So another year of being on the planet has clicked over for me, and this sparks a certain amount of reflection. The quote below resonates when I see the vast range of opinions offered in the rehabilitation, fitness and health domains:
“We don’t see things as they are, we see them as we are.” – Anais Nin
Do you ever look back and reflect on things that you thought were absolute fact, black and white, only to realise that those “facts” have become rather more fluid now that you have evolved as a professional, perhaps changed your context, learned more, asked different questions, and gained a broader perspective through experience?
Do you look back at the you of some years ago and shake your head about how very certain you were about things?
Sometimes you misremember this as confidence…and wonder where this has gone.
Don’t feel wobbly. Not being so darned definite may be the only intelligent and mature state of being. Having a flexible and open mind does not infer naivety or ignorance — it instead acknowledges that new questions will always be asked, new perspectives offered, new research emerging. What was evidence based last year may not be so this year, or it may be applied in a completely fresh way. Being very certain last year might leave egg on your face this year.
There is strength in embracing possibilities, not just probabilities. We of course must stay abreast of what is being researched and observe the best of practice – this isn’t an excuse to be uninformed. We must gather the knowledge, synthesise it and apply it with relevance and confidence, yet still understand that it is only a snapshot of where we are now, and that it is a part of a larger picture. Someone will always come along to subvert the “facts”, and we can’t just dismiss them as “outliers” when they are in front of us, as can be done when they are just a statistic.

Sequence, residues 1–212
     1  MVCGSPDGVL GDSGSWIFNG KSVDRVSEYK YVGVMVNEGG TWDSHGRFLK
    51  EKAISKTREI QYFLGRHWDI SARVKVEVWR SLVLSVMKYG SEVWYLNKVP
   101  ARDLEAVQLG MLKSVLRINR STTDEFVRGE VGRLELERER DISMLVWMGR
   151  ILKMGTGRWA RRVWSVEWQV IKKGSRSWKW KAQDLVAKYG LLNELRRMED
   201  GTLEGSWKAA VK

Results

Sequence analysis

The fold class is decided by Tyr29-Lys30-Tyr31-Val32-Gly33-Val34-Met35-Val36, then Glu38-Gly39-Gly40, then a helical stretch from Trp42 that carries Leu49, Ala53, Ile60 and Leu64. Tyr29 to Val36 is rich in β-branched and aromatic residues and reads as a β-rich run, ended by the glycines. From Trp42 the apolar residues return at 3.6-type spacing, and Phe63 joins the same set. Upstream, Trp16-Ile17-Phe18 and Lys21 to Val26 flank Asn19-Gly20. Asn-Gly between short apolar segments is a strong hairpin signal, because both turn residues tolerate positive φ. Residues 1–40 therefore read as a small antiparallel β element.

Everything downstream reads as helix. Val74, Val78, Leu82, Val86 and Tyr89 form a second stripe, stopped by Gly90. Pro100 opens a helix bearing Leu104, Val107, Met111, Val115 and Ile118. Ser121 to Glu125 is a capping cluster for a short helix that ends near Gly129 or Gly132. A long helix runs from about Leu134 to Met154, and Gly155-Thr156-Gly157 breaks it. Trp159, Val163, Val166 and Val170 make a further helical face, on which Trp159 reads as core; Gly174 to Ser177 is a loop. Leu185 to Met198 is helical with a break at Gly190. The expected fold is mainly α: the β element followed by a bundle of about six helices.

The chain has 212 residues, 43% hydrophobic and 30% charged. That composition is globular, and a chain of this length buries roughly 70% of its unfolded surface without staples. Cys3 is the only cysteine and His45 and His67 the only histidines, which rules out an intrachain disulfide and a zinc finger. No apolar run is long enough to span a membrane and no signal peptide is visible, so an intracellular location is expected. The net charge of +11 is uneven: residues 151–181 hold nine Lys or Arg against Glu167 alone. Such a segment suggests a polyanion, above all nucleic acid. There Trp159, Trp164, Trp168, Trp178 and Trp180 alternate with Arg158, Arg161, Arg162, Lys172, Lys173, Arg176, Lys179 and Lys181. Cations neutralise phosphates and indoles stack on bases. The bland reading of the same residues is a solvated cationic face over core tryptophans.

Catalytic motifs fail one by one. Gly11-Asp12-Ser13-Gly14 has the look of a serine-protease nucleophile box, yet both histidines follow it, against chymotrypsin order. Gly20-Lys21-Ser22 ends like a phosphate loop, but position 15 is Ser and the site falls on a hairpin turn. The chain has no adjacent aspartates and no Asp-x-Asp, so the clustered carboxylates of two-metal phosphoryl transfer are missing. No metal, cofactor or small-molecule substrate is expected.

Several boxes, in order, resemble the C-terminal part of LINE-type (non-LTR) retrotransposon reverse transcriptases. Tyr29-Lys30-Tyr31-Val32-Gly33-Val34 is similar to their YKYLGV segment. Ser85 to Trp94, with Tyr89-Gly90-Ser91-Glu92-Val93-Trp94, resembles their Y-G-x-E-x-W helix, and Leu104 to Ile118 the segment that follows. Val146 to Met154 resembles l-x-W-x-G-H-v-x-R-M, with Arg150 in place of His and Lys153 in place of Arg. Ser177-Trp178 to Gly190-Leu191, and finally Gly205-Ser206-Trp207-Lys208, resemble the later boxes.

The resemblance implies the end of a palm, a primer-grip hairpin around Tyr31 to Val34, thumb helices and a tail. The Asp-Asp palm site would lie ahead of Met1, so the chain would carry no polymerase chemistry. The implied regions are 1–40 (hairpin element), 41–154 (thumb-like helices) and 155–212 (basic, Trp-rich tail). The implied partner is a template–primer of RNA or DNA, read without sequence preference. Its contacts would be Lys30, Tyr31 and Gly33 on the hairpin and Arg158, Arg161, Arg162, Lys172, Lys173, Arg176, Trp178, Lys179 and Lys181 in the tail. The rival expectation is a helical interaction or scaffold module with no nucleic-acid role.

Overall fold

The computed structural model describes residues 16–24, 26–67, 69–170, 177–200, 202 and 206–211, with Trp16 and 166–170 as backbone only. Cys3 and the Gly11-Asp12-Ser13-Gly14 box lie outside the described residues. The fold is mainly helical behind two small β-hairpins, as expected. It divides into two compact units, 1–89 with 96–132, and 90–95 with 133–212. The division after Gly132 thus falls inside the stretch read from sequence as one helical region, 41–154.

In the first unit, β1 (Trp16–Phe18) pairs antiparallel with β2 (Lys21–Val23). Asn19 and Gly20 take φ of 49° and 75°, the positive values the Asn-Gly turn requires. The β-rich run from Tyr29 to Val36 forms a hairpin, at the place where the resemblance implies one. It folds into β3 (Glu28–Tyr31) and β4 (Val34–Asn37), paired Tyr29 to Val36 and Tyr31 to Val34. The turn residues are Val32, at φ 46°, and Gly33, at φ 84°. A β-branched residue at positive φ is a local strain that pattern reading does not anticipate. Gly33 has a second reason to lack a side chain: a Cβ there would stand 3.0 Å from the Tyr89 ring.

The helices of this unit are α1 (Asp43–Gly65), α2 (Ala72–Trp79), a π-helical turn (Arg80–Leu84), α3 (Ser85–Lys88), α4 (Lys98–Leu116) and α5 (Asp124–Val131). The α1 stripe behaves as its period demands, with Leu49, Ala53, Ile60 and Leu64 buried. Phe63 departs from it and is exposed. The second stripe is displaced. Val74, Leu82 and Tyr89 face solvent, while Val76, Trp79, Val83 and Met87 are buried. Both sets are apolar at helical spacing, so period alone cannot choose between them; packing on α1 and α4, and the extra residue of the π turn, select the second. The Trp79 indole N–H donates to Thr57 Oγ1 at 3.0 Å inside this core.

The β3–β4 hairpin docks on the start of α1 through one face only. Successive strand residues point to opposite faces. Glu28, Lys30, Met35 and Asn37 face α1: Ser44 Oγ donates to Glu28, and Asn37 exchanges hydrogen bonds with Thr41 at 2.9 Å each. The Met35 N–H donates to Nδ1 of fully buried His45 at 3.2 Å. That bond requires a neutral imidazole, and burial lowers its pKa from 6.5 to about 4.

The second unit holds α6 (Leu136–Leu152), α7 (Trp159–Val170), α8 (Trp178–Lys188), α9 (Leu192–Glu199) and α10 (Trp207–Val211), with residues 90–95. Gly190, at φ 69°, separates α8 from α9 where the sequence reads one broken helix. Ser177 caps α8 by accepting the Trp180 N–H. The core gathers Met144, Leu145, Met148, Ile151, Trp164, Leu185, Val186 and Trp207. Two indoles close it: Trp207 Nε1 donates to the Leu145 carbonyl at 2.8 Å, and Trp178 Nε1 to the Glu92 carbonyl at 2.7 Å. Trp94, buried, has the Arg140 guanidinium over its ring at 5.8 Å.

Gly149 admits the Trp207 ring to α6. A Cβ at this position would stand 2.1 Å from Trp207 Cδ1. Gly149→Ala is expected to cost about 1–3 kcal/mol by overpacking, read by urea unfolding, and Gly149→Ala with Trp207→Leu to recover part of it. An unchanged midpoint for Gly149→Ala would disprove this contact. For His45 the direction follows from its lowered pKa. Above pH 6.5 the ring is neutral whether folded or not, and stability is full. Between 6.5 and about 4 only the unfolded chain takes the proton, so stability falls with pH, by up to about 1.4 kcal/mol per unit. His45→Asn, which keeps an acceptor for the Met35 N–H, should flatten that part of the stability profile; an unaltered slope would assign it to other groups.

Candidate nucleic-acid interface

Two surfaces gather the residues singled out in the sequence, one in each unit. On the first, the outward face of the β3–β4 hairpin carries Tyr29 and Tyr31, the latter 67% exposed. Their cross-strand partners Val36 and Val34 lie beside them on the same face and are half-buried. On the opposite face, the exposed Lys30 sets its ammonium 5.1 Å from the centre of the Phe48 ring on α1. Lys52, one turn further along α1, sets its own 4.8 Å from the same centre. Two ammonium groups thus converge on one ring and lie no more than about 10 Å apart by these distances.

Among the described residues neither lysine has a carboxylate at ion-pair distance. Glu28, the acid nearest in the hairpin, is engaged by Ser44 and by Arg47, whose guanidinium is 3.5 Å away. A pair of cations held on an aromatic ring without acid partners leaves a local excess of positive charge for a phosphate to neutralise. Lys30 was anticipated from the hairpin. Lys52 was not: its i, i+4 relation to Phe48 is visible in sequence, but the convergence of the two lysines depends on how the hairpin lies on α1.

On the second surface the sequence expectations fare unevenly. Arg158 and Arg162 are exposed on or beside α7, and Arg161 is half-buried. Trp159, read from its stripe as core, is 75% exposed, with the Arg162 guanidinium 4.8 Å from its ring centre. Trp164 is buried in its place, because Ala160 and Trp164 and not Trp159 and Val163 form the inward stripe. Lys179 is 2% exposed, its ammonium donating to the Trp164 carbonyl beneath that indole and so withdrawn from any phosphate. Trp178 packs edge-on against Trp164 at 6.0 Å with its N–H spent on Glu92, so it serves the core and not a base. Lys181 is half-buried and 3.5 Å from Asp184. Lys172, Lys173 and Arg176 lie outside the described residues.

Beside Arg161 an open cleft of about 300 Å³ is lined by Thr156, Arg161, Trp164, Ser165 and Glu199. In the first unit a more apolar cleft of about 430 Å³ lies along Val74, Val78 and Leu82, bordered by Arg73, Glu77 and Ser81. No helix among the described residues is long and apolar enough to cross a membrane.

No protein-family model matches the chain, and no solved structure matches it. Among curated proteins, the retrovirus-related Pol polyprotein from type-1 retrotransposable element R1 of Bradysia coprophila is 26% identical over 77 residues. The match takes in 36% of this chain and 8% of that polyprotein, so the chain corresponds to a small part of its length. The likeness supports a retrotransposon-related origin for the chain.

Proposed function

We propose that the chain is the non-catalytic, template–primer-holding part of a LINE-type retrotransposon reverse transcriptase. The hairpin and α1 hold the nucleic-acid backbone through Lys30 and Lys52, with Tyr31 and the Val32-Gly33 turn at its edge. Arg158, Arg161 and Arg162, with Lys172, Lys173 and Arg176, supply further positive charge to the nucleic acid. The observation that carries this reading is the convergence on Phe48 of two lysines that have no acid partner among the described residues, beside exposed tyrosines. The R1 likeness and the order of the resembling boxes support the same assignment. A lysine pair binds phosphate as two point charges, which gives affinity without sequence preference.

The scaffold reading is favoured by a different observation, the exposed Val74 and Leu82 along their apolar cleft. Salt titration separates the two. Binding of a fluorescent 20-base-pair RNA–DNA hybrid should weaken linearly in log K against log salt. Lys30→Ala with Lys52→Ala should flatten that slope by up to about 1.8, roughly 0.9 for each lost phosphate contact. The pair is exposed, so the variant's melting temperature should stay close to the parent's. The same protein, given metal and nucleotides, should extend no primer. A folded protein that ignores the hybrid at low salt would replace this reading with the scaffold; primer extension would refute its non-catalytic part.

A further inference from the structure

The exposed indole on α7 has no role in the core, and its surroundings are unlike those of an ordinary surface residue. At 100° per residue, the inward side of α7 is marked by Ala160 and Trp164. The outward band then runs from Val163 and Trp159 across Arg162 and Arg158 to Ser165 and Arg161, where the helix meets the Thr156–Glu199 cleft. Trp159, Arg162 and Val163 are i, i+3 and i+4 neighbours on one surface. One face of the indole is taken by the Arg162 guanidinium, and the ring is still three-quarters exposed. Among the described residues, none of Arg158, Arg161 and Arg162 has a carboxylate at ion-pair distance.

We may never be able to truly measure everything in a way that is meaningful and accurate about the human individual … and I like that. I relish the mystery that slips through the cracks of our attempts to contain and control it. It creates the challenge and the sense of awe that our bodies and minds inspire as we continue our quest to understand it.
It leaves me space to be an individual working with individuals – being informed by research but using my skills and experience to identify the gaps and reason the connections, to celebrate the unique and rise to its challenges instead of being dictated to by protocols. It also leaves room to respect the individual, to learn from them and recognise the questions that they raise, which in turn should feed the knowledge quest.
Be excellent, be confident, but be elastic: leave room for the possibility of something entirely new emerging tomorrow that may wonderfully turn it all upside down.
Embrace the contradictions, celebrate the uncertainties – that’s often where the biggest leaps of understanding occur.
This time last year the possibility of me jumping off a Swiss Alp with a paraglider was high but the probability was low. It was quite literally a leap but it was definitely worth it.